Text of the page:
- In most cases of sole female violence, the women were single parents. This may attest to the added stress of child-rearing responsibilities not being shared.
- Substance abuse and mental health issues are common among these women.
In cases of sexual abuse, women’s profiles are similar to their profiles in other forms of violence, with these added exceptions:
- Women sexual perpetrators rarely coerce their victims. This is probably due to the fact they are often in a very trusting position with the child victim.
- Compared to men, women start sexual abuse much older, usually in adulthood.
- Women tend to use fewer threats to silence their victims. They also rarely deny their actions when confronted.
In cases of Munchausen syndrome by proxy, the perpetrators have an unusual need for attention that they express through having an “ill” child or a child with special needs. The attention they receive from the medical professionals is more important to them than the needs of their child. These perpetrators become even more dangerous if they realize that someone suspects them of acting deliberately. They tend to have a vast health care knowledge and change medical providers often so as to avoid detection.
Though it is difficult to generalize the profiles of women who perpetrate violence on children, it is beginning to be understood that overall these women use violence to satisfy a need for power and control through their actions against children.
Social Issues with Women as Violent Perpetrators
As stated at the beginning of this essay, most societies find it very difficult to label women as violent perpetrators of children—especially in the area of sexual abuse, where the abuse is often defined as penile penetration. A woman is rarely labeled as a perpetrator in rape. This speaks more to the society’s definition of rape than the woman’s role as the person responsible for the sexual assault. In a recent study of females convicted of sexual abuse, over 50% of them stated they derived sadistic pleasure from inflicting pain on their victims. Nonetheless, in this society women are consistently seen as victims of violence not perpetrators.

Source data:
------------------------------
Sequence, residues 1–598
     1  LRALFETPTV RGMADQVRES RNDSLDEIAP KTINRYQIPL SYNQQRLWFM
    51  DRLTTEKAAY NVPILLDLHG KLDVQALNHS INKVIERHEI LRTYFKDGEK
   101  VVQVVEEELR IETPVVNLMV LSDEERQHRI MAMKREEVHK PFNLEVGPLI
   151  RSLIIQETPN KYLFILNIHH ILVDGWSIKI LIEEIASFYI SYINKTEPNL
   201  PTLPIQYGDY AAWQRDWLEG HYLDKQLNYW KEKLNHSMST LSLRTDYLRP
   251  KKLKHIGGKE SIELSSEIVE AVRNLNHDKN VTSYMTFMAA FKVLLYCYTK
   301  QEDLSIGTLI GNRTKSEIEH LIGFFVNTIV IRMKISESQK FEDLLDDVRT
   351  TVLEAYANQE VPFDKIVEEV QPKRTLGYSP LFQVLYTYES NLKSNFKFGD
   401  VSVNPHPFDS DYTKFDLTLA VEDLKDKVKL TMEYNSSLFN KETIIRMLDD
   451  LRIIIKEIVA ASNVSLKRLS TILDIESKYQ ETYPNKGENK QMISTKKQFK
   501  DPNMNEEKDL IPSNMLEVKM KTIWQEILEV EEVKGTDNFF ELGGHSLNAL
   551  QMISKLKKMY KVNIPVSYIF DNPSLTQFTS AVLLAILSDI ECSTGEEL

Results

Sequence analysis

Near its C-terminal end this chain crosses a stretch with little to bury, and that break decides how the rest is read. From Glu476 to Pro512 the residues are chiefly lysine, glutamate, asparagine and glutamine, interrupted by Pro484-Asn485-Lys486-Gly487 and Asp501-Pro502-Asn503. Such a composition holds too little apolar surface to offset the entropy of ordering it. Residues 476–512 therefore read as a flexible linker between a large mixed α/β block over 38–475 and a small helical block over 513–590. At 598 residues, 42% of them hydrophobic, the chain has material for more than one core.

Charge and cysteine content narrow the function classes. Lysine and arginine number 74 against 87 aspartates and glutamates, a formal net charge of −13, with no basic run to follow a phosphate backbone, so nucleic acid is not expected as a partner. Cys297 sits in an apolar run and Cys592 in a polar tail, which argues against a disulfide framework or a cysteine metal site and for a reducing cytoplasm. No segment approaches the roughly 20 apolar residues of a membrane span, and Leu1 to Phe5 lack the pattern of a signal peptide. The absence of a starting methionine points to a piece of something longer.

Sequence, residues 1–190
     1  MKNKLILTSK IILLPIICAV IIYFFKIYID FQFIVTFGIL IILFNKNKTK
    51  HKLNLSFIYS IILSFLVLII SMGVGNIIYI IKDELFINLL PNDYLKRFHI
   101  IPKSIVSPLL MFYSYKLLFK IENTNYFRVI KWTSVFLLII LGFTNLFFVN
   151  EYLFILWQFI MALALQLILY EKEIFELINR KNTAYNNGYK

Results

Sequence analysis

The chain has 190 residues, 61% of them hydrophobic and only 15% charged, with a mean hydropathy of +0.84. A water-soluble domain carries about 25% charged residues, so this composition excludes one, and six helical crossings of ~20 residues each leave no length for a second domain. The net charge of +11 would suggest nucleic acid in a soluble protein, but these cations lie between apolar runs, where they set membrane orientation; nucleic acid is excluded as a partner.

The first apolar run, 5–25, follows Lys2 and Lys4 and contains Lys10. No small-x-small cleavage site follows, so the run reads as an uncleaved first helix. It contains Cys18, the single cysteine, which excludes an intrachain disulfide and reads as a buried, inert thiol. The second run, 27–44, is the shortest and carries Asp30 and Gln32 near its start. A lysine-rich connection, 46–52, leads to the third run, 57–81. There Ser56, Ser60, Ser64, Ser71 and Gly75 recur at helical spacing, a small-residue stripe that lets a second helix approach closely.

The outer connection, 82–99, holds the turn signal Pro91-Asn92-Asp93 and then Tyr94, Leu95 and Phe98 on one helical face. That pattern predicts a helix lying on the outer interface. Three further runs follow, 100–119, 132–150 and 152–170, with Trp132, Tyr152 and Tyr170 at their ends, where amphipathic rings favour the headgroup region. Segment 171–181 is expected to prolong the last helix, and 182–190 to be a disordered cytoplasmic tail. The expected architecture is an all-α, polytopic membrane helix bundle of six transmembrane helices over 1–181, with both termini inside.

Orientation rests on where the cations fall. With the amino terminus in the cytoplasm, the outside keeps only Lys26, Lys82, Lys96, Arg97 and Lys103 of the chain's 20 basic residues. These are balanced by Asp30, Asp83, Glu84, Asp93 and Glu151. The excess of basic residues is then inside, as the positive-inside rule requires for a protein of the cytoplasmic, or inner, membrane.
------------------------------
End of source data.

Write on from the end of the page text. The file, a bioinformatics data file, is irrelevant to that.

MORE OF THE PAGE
Victims of female violence have a more difficult time disclosing their abuse. A survey of 127 known victims of sexual assault by females found that 86% of them were not believed at their first disclosure. Very young children who have been physically abused are unable to be verbal about their perpetrator. It is left up to investigators to re-create the child’s recent past, and in most cases there is a bias to examine exposure to males. Another issue for victims is that professionals do not expect abuse from women, thus the victims tend to have longer exposure to the abuse, feel more victimized and powerless, and feel betrayed by those in their lives who are supposed to protect them.
The criminal and judicial systems tend to have a bias in favor of females accused of perpetrating violence. Studies show that women who are convicted of violence toward children are given more lenient sentencing than male perpetrators. The rules of evidence in sexual assault are difficult to follow since female sexually perpetrated abuse may not leave concrete DNA samples.
Violence by women against children is starting to be uncovered, and the incidence might be much larger than previously thought. Intervention techniques for these violent women will be different from those currently utilized for men. Furthermore, victims of female abuse have unique experiences that require sensitive practitioners.
- Boroughs, D. S. (2004). Female sexual abusers of children.
- Children and Youth Services Review, 26, 481–487. Finkelhor, D., & Russell, D. (1984). Women as perpetrators.
- In D. Finkelhor (Ed.), Child sexual abuse: New theory and research (pp. 171–187). New York: Free Press
- Lasher, L. J. (2004). Munchausen by proxy: MBP basics. Retrieved December 16, 2006, from http://www.mbpexpert.com/definition.html
- Trickett, P., & Schellenbach, C. (1998). Violence against children in the family and community. Washington, DC: American Psychological Association.